Bigger as a Black Everyman in Native Son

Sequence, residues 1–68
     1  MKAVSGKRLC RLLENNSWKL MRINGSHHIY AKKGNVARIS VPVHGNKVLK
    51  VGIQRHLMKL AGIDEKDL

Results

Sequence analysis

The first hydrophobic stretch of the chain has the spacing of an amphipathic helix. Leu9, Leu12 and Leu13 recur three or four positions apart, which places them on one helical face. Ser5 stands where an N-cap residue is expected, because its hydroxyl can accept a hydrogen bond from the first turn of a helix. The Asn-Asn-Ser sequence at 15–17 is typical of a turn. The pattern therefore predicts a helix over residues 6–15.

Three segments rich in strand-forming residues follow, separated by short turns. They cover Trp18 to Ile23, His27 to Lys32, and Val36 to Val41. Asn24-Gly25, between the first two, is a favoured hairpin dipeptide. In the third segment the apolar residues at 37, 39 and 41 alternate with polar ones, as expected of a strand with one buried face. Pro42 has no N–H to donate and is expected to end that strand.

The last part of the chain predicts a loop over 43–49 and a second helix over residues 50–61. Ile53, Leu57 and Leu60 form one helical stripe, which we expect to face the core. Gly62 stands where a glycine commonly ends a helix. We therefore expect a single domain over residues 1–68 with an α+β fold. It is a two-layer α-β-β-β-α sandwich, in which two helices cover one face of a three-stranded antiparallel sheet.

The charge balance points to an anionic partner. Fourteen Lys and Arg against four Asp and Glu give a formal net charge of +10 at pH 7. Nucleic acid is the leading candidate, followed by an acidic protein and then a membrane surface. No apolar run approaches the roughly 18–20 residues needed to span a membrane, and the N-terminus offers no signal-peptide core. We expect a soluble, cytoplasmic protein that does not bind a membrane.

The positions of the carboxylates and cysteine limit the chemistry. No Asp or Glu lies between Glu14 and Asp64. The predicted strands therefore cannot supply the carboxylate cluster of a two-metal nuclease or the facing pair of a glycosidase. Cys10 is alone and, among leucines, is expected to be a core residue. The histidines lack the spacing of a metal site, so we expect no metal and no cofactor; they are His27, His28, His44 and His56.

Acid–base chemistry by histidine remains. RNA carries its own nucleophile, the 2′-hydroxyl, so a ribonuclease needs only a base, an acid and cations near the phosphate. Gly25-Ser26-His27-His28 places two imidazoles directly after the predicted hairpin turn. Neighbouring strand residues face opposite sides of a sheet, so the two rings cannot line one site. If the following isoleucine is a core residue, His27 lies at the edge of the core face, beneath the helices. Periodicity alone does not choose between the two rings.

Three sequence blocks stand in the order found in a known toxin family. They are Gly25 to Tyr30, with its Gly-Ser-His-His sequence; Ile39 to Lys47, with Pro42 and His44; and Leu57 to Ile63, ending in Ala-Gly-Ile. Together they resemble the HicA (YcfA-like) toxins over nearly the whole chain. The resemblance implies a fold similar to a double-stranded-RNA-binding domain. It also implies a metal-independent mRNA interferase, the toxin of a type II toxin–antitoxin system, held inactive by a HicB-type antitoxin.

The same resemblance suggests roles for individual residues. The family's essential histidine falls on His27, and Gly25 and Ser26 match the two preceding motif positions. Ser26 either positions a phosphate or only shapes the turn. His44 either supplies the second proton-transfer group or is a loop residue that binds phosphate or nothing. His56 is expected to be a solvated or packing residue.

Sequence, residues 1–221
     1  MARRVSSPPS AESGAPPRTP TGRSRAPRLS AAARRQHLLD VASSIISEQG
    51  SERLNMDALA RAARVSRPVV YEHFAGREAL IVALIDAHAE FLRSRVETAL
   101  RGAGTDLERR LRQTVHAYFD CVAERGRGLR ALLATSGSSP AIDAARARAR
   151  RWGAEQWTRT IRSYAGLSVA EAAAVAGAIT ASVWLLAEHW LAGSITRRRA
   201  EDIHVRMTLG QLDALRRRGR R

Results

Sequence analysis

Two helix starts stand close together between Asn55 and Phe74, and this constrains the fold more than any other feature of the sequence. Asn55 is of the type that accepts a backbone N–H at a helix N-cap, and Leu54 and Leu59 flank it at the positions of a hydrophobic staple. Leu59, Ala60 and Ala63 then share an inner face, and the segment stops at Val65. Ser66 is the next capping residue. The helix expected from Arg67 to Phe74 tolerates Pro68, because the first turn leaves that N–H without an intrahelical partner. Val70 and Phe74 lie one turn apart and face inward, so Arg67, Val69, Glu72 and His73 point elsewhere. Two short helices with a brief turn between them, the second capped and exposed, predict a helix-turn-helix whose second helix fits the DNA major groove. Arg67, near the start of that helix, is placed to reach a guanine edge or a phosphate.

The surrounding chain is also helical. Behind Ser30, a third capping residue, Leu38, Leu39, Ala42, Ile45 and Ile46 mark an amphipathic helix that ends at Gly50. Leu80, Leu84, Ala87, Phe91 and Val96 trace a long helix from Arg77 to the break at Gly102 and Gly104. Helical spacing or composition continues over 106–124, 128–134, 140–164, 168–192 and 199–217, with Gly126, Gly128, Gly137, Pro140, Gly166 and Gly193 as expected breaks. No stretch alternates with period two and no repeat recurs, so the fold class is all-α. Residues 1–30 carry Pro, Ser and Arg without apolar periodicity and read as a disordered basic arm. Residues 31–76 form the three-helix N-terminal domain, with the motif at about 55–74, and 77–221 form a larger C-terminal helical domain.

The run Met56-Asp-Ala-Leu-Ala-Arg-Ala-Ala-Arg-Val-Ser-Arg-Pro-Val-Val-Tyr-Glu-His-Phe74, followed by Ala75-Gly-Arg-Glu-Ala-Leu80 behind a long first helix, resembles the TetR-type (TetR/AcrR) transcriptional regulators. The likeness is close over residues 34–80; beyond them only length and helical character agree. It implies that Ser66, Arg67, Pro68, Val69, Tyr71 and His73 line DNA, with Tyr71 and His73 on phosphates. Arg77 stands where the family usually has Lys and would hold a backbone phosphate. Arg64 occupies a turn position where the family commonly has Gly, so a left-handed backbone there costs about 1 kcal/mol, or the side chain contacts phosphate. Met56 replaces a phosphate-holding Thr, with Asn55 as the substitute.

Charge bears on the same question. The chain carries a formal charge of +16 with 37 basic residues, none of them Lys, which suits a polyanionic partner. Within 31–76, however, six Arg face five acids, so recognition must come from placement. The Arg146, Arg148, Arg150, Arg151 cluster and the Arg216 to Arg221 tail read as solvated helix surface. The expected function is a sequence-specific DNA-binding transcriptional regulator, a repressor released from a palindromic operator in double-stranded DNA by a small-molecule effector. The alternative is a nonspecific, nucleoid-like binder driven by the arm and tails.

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Bigger as a Black Everyman in Native Son The life of Bigger Thomas in Richard Wright's Native Son is not one with which most of us can relate. It is marked by excessive violence, oppression, and a lack of hope for the future. Despite this difference from my own life and the lives of my privileged classmates, I would argue that Bigger's experience is somewhat universal, His is not a unique, individual experience, but rather one that is representative of the world of a young black man. If Bigger were alive today, perhaps he would be a “Gangsta Rapper” and express his rage through music instead of violence. Just as Max did in defending Bigger during his trial and inevitable conviction, Wright uses Bigger as an example for how African Americans have been treated. True, the vast majority of African Americans do not commit the awful crimes which Bigger has committed, but the crimes themselves, and in fact the details of Bigger's life are not really that important in the scheme of thin...

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